Apple's Recent High-Profile Departures Just Beginning, Tim Cook May Not Go Anywhere Soon, Says Gurman - Apple (NASDAQ:AAPL)

Apple, Inc. AAPL has been hit with a new problem  — and, this time, it has nothing to do with its much-loved product portfolio or its growing services business.

What Happened: Apple is seeing an “unprecedented” level of turnover at executive levels, Bloomberg’s Mark Gurman said in his weekly “Power On” newsletter. Since the second half of 2022, the company has lost 11 high-ranking executives just below the senior vice president level that reports directly to CEO Tim Cook.

Some of the high-profile departures include vice presidents overseeing areas such as industrial design, the online store, information systems, Apple’s cloud efforts, aspects of hardware and software engineering, privacy matters, sales in emerging markets, subscription services and procurement, the columnist said.

And while the company has hired executives at the same time, the departures has led Apple to redistribute responsibilities or promote people from within in many cases, Gurman said. While Apple has had candidates to fill in for most of the roles, it hasn’t found a replacement for Evans Hankey, head of industrial design. The design team is now reporting to Chief Operating Officer Jeff Williams, he noted.

Gurman added that most recent departures involved Apple veterans, remarking that several design and services vice presidents at Apple had been in the prime of their careers and could have potentially reached the role of senior vice presidents down the line.

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Just The Beginning: Gurman said that the flurry of exits could be just the beginning, as a few vice presidents who have been with Apple for decades could retire in the next few years. Longtime Apple mainstays who helped reinvent the company are also nearing the end of their careers, he said, while predicting turnover in the lower ranks as well.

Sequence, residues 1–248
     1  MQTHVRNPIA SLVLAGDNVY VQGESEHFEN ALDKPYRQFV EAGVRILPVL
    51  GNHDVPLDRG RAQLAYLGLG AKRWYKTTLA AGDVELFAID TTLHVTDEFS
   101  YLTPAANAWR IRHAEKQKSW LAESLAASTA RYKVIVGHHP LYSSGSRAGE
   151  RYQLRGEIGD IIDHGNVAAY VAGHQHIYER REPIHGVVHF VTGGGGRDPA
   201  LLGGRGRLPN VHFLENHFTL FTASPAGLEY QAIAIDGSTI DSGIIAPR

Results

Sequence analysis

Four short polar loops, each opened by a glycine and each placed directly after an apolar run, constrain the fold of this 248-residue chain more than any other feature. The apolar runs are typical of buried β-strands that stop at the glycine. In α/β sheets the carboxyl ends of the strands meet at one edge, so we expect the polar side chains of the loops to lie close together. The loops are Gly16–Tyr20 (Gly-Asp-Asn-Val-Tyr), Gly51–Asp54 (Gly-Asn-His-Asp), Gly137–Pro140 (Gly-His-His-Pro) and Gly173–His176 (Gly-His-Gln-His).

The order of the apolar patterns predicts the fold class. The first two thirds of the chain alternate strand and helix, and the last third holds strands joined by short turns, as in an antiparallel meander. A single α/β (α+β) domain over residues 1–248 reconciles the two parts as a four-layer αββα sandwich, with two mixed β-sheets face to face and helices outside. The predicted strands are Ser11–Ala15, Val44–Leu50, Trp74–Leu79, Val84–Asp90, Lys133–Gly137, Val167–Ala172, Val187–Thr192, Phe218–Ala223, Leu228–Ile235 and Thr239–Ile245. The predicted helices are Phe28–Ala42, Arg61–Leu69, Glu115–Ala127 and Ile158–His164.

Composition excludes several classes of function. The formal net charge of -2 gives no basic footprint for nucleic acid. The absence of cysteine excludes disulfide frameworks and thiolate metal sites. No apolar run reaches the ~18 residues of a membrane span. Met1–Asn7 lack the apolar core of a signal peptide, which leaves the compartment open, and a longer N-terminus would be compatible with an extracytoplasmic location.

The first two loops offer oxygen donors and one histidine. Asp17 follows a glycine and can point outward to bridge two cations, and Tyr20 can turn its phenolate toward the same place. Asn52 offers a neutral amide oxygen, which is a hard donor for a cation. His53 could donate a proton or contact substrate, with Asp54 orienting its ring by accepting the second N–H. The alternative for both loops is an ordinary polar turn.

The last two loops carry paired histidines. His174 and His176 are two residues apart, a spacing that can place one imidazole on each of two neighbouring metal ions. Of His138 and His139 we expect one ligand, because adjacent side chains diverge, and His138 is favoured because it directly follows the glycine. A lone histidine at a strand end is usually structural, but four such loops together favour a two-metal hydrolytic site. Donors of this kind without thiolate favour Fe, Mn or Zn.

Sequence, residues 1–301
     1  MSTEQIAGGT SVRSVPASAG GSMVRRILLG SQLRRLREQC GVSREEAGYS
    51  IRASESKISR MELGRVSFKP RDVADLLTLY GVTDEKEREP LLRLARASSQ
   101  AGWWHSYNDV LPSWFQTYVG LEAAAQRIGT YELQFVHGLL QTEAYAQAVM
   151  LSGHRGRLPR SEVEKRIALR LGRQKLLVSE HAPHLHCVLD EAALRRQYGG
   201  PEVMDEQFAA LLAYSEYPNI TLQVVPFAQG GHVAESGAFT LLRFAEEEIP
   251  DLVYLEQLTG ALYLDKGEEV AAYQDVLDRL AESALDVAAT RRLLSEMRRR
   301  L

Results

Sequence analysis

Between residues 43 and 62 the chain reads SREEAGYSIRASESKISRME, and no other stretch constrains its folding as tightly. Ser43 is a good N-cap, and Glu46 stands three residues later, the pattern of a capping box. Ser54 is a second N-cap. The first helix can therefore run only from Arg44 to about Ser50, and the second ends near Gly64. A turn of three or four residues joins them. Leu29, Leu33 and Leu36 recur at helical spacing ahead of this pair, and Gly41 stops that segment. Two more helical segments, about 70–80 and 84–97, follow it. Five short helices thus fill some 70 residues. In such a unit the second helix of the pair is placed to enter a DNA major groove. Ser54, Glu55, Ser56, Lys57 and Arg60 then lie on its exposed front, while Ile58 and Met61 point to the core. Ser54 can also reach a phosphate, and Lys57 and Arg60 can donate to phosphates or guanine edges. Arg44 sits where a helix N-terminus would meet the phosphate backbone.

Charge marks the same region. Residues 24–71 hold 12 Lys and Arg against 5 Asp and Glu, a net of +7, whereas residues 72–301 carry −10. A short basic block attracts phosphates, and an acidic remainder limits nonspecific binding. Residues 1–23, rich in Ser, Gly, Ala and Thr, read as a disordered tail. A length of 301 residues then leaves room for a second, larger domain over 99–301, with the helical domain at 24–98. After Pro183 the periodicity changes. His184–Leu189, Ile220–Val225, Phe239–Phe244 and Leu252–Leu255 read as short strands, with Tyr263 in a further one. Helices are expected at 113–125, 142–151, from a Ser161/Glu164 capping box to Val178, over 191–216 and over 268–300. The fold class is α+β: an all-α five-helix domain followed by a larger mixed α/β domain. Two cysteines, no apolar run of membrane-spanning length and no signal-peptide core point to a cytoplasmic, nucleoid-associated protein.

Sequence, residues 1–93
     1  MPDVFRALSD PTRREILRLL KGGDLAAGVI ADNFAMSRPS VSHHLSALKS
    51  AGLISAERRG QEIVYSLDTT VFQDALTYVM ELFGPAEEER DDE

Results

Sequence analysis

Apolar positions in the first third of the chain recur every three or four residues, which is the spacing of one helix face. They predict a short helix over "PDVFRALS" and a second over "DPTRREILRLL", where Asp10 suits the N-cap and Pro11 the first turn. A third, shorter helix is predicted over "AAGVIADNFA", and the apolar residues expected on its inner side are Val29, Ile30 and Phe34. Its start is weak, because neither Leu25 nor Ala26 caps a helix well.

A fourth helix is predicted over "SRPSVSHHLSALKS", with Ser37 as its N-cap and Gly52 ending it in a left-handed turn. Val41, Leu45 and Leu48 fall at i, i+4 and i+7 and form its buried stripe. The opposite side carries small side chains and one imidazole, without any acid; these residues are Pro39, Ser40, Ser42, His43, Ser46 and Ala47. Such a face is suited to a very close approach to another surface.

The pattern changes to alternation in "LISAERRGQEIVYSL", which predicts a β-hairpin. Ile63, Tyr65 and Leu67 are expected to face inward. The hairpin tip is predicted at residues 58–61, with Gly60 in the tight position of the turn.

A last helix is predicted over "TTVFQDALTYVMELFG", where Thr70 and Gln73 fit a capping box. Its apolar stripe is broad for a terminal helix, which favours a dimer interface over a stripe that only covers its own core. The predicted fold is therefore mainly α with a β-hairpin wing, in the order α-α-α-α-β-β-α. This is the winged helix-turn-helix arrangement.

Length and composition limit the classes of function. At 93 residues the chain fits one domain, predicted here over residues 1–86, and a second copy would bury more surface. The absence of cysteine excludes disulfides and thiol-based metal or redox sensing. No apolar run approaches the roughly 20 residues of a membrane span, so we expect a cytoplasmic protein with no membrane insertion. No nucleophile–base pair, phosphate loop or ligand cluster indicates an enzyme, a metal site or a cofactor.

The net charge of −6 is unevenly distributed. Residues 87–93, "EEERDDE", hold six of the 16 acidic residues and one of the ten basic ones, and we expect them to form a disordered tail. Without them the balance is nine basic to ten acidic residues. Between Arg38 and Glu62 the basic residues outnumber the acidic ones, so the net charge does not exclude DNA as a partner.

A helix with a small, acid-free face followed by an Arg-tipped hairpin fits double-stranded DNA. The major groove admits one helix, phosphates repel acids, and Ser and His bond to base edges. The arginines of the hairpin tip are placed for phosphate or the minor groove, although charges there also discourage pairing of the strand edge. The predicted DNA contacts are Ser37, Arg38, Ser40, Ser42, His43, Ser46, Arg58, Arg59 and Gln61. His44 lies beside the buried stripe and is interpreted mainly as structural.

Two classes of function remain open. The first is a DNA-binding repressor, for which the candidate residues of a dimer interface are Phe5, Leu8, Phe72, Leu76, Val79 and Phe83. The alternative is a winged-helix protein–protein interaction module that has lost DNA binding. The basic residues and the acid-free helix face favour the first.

Some of the reasons Gurman cited for the latest developments include:

  • A growing burden of responsibilities
  • Increase in bureaucracy, especially related to product development
  • The company’s massiveness, which makes it difficult for an individual to make their mark
  • Internal politics and cross-department wrangling
  • A shift of resources to longer-term initiatives
  • Disgruntlement of managers over losing people to endeavors like mixed-reality and self-driving vehicles
  • Lack of clarity surrounding promotions that could fetch a four- or five-fold increase in salary
  • Apple’s organizational structure
  • The fall of Apple’s stock compared to the compensation received, as stock could be more than half of the pay at VP level

There is, however, one person Gurman doesn’t seeing exiting the company. 

“[N]obody should be truly worried about the CEO going anywhere soon: His shares continue to vest into 2027,” Gurman said.

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